Further, 1099-R forms must be sent out to all plan members who receive a 2019 payout by 1/31/20. This form is due even if the employee selects an IRA rollover, with no taxes due. If your plan is on a “platform” with a financial institution, then they normally prepare the 1099 Forms. Otherwise, we can help out.
We are sending out a mailing on these topics to our clients, but please let us know if you have any questions.
Interest Rates are down, so….
This item is about lump sums that are payable from traditional defined benefit plans. As you probably know, the higher the interest rate, the lower the lump sum. Since the interest rate is re-set every January 1 (or whatever the plan anniversary is), this can create a big change in one day. (Math people call it a “discontinuity”).
Anyway, as of 1/1/20, we expect that the new interest rate will be quite a bit less than what it was a year ago, resulting in higher lump sums. We are seeing differences of 10-15%. So, again, an employee getting a lump sum will get quite a bit more on 1/1/20 than they would have gotten 12/31/19.
Yes, we take the security and confidentiality of your data (very) seriously:
At Metro, we take the security of your data seriously. There are so many risks today for any computer that is connected to the internet that a multi-product, tiered approach is required. Here are some of the things we do to keep your data safe:
- When we send or receive sensitive data via email, we typically use Citrix Sharefile. Sharefile is an industry-leading security software that provides end-to-end encryption, removing the data itself from the email; sending instead a link to a secure website where the data can be downloaded only by the recipient.
- We have regular employee training on data security
- We have a robust backup system that performs hourly backups of all data to an onsite server segregated from our regular network. In addition, we have an off-site backup.
- Our networks are protected by best-in-class firewalls. Every bit of data that comes into our network is scanned by a gateway antivirus program before being allowed in.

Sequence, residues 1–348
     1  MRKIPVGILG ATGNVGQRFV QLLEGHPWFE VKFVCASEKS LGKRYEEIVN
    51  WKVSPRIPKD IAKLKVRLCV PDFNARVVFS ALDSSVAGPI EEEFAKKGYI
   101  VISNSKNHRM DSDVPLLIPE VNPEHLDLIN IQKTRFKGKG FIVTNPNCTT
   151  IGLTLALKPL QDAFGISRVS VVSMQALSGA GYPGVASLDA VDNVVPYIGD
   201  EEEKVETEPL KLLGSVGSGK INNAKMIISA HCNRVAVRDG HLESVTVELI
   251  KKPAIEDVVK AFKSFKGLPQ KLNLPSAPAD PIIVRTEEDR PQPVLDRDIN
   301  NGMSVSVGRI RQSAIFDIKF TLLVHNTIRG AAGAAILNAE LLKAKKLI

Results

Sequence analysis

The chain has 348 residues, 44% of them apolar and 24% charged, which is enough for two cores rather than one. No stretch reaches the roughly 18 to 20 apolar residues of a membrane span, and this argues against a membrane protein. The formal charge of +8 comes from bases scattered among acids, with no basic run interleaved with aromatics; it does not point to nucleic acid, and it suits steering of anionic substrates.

- All of our computers have monitoring and management software installed that automates all updates, and scans for problems as often as every 15 minutes, notifying our IT provider of any issues detected.
- All of our computers have both managed antivirus and managed anti-malware software that automate updates & scanning and provide 2 tiers of real-time protection at the desktop.
- Our office in West Virginia has an encrypted, one-to-one private network connection to allow secure access to our data.
So, the answer is “Yes”, we do take computer and data security very seriously. Please let us know if you have any questions or concerns on this topic.
Being an actuary, who is also a presidential history buff, it won’t be a shock to find this item here. President John Tyler (who replaced William Henry Harrison, who had died after one month in office in 1841) was born in 1790. George Washington had just started as President the year before.
It turned out that Tyler’s wife passed away, so he remarried a wife who was much (much!) younger. He had kids at age 70. One of his son’s had similar circumstances.
Bottom line – as of the end of 2018, two of his grandchildren are still alive. Wow! 😊
And of Course:
Please accept our Best Wishes for a Happy Holiday Season and a Prosperous New Year from Metro 😊
David M. Lipkin, FSA, MSPA Editor
Metro Benefits, Inc. is a regional consulting firm, based in Pittsburgh, PA and Ripley, WV. We provide a wide range of services for qualified plans. While we make every effort to verify the accuracy of the information that we present here, you should consult with your Plan attorney or other advisor before acting on it.